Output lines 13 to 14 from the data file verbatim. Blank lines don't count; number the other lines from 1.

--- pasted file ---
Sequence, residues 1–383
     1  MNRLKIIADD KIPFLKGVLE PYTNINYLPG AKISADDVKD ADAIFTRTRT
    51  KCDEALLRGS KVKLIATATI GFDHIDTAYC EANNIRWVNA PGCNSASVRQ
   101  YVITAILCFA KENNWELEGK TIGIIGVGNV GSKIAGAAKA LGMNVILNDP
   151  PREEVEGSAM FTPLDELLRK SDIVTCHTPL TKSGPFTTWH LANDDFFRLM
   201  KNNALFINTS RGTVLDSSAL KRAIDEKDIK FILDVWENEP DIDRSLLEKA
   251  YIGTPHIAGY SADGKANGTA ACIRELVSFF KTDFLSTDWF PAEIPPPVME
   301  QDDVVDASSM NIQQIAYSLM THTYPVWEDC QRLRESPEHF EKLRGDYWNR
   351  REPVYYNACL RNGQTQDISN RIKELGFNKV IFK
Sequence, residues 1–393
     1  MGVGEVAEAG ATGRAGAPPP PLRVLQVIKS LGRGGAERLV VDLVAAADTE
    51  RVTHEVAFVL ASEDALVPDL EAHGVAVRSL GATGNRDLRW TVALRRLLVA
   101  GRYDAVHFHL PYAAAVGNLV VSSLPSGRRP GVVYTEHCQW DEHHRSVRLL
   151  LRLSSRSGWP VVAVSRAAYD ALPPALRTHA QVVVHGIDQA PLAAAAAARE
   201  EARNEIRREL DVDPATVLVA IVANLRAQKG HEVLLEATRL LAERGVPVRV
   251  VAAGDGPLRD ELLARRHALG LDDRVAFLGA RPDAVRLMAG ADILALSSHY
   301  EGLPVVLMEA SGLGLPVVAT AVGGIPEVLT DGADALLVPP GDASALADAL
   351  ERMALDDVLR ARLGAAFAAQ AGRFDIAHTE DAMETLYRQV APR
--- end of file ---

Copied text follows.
   101  GRYDAVHFHL PYAAAVGNLV VSSLPSGRRP GVVYTEHCQW DEHHRSVRLL
   151  LRLSSRSGWP VVAVSRAAYD ALPPALRTHA QVVVHGIDQA PLAAAAAARE